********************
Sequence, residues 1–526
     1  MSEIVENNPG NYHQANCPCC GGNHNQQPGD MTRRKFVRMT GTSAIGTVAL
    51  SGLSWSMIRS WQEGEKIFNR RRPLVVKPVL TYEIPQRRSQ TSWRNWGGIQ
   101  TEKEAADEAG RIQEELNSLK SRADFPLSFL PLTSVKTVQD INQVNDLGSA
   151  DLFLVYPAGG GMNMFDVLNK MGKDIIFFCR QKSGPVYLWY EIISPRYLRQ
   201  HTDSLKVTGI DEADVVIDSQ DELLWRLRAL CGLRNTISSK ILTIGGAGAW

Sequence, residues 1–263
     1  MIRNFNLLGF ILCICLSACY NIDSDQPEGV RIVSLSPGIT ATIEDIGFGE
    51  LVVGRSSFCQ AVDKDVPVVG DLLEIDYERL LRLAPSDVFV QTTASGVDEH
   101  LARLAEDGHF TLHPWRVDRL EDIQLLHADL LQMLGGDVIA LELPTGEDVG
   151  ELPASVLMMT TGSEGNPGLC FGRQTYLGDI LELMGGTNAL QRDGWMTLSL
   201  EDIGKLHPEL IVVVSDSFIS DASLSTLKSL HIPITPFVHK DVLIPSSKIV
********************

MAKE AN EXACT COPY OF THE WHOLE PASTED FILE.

Sequence, residues 1–526
     1  MSEIVENNPG NYHQANCPCC GGNHNQQPGD MTRRKFVRMT GTSAIGTVAL
    51  SGLSWSMIRS WQEGEKIFNR RRPLVVKPVL TYEIPQRRSQ TSWRNWGGIQ
   101  TEKEAADEAG RIQEELNSLK SRADFPLSFL PLTSVKTVQD INQVNDLGSA
   151  DLFLVYPAGG GMNMFDVLNK MGKDIIFFCR QKSGPVYLWY EIISPRYLRQ
   201  HTDSLKVTGI DEADVVIDSQ DELLWRLRAL CGLRNTISSK ILTIGGAGAW

Sequence, residues 1–263
     1  MIRNFNLLGF ILCICLSACY NIDSDQPEGV RIVSLSPGIT ATIEDIGFGE
    51  LVVGRSSFCQ AVDKDVPVVG DLLEIDYERL LRLAPSDVFV QTTASGVDEH
   101  LARLAEDGHF TLHPWRVDRL EDIQLLHADL LQMLGGDVIA LELPTGEDVG
   151  ELPASVLMMT TGSEGNPGLC FGRQTYLGDI LELMGGTNAL QRDGWMTLSL
   201  EDIGKLHPEL IVVVSDSFIS DASLSTLKSL HIPITPFVHK DVLIPSSKIV